Vivien Maier, a nanny in the 1950s, had a unique and undeniable talent for photography—which she kept to herself. After over 100,000 of her negatives were discovered at an auction, she has been said to be “possibly the most important street photographer of the 20th century.” Vivien’s mysterious and secret talent makes you think about the importance of exploring our curiosity and doing what we enjoy, whether or not it’s recognized by many.
Pretty heartbreaking. These beautiful and bright students deserve so much better. Above I included some of the photographs (there’s many more) of Black women who are students there because I think it’s important to point out how racism is not only impacting Whites’ perception of their intelligence but also how White people approach their appearance as well, in gender-specific ways. This is heartbreaking to me albeit not surprising. The myth that working hard = happy payoff is a fairy tale. Racism is ubiquitous.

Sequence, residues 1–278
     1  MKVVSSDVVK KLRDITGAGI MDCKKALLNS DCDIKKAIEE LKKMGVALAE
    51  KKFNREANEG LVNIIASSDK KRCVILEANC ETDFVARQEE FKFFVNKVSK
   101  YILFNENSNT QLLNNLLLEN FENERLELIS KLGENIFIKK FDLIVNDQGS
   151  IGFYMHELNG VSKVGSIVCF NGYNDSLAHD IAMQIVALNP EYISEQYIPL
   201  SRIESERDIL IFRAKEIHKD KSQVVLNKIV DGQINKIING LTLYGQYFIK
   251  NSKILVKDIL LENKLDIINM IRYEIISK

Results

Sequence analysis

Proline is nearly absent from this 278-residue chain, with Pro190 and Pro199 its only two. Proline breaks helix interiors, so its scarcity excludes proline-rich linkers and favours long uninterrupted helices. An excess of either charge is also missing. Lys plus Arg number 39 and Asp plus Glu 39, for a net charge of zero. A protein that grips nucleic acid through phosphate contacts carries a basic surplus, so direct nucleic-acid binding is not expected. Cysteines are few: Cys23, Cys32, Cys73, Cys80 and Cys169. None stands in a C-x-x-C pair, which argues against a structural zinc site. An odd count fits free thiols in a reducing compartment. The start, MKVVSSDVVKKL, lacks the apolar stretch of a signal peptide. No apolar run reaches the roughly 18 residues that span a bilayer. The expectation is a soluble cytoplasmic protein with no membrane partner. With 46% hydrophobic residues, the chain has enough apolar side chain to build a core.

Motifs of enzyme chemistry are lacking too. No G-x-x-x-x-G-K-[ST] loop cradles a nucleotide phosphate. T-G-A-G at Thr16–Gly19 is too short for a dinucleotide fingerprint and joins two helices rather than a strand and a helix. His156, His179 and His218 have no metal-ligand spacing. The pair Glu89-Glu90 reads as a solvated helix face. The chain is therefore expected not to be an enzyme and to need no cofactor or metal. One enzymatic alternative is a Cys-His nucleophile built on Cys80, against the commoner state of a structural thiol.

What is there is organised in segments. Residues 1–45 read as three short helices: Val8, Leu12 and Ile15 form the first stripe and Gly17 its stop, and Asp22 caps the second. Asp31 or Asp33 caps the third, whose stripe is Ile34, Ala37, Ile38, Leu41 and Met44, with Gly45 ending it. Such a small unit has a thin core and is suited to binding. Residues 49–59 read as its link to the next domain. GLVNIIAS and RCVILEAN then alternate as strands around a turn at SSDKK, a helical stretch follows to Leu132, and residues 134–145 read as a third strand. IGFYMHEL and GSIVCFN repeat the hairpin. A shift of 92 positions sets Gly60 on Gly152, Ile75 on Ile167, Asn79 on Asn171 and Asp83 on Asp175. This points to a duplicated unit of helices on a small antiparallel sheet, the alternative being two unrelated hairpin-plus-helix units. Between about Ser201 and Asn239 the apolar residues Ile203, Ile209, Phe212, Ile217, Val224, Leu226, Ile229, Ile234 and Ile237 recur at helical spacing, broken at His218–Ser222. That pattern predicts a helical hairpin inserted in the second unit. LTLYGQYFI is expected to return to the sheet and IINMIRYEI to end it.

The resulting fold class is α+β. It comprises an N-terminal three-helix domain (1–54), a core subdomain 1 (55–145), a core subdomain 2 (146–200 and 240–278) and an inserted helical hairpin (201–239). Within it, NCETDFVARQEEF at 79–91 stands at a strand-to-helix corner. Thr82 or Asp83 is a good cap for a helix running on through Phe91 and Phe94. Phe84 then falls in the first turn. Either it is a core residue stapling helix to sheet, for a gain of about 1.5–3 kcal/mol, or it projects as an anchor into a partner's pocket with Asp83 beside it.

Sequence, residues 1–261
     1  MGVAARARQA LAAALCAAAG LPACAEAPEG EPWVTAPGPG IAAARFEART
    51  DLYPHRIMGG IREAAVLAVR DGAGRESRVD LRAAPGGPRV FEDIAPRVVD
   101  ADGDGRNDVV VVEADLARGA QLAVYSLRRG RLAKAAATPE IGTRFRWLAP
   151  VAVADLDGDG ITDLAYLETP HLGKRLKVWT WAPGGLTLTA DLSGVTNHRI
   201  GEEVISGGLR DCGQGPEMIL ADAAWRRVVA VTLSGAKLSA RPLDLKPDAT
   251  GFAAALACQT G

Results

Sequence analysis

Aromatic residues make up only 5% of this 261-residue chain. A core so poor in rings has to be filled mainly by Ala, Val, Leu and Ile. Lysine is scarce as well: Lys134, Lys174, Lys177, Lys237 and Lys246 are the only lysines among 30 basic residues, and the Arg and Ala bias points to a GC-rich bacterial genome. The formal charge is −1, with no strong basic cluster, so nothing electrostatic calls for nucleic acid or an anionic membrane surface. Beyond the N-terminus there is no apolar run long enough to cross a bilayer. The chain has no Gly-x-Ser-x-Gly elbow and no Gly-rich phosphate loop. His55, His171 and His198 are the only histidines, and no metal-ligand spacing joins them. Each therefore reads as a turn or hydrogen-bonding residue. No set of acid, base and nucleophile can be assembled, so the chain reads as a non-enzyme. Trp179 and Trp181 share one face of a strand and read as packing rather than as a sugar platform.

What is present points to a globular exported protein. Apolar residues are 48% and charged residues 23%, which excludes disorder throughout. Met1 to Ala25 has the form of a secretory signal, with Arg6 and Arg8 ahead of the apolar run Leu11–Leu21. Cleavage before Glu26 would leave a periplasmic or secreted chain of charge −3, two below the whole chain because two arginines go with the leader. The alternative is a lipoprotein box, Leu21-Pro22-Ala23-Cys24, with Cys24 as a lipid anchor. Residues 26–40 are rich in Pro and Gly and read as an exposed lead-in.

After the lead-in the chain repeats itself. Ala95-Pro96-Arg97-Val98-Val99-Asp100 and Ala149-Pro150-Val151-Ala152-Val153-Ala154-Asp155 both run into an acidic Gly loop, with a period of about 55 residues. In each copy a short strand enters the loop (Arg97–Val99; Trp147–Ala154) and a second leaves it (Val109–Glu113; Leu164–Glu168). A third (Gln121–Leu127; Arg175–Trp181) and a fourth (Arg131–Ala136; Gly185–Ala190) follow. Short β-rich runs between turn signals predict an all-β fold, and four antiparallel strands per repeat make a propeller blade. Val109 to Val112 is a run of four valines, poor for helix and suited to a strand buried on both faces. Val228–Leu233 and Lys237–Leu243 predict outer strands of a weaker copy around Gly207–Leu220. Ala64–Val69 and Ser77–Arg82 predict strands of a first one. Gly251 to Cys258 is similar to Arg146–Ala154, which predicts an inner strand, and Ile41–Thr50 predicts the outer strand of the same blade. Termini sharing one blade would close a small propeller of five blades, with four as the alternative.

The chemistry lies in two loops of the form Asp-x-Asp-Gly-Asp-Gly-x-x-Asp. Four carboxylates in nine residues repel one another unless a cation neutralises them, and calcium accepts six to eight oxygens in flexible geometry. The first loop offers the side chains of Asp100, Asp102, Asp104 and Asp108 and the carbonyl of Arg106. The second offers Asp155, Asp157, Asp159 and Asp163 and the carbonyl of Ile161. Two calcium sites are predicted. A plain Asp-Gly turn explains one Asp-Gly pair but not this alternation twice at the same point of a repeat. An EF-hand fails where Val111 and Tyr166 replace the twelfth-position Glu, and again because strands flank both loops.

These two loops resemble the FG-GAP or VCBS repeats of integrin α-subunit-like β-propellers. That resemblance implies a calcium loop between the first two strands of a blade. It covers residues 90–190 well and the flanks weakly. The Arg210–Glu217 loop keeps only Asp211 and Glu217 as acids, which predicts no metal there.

I really wish them the best with their education and the ability to navigate these microaggressions and overt acts of racism. This stuff increases stereotype threat and impacts mental health and health which impacts performance. I want the best for them. Much love. ❤
This is open access. If you click on the link you can read the whole paper (click to read the PDF at the bottom of the page)
Some sixty years later, Gloria Anzaldu´a draws from Vasconcelos’s work in order to elabourate the concept of mestizaje in Borderlands/La Frontera. Her (admittedly critical) intellectual debt and spiritual kinship are expressed in the following passage: